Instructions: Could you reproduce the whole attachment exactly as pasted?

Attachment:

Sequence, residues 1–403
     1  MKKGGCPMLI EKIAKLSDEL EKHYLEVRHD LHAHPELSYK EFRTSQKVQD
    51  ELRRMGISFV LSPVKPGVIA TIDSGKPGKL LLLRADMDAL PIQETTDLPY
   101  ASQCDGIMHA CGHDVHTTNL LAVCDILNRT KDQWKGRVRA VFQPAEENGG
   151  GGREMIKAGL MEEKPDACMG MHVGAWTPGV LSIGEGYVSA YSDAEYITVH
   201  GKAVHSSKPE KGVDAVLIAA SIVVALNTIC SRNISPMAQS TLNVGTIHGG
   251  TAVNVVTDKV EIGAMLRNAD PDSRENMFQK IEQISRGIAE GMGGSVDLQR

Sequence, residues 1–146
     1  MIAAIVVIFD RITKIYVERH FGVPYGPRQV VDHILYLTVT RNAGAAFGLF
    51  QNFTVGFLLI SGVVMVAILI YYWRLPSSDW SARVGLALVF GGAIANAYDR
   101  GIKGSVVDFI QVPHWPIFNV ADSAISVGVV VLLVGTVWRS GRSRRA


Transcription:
Sequence, residues 1–403
     1  MKKGGCPMLI EKIAKLSDEL EKHYLEVRHD LHAHPELSYK EFRTSQKVQD
    51  ELRRMGISFV LSPVKPGVIA TIDSGKPGKL LLLRADMDAL PIQETTDLPY
   101  ASQCDGIMHA CGHDVHTTNL LAVCDILNRT KDQWKGRVRA VFQPAEENGG
   151  GGREMIKAGL MEEKPDACMG MHVGAWTPGV LSIGEGYVSA YSDAEYITVH
   201  GKAVHSSKPE KGVDAVLIAA SIVVALNTIC SRNISPMAQS TLNVGTIHGG
   251  TAVNVVTDKV EIGAMLRNAD PDSRENMFQK IEQISRGIAE GMGGSVDLQR

Sequence, residues 1–146
     1  MIAAIVVIFD RITKIYVERH FGVPYGPRQV VDHILYLTVT RNAGAAFGLF
    51  QNFTVGFLLI SGVVMVAILI YYWRLPSSDW SARVGLALVF GGAIANAYDR
   101  GIKGSVVDFI QVPHWPIFNV ADSAISVGVV VLLVGTVWRS GRSRRA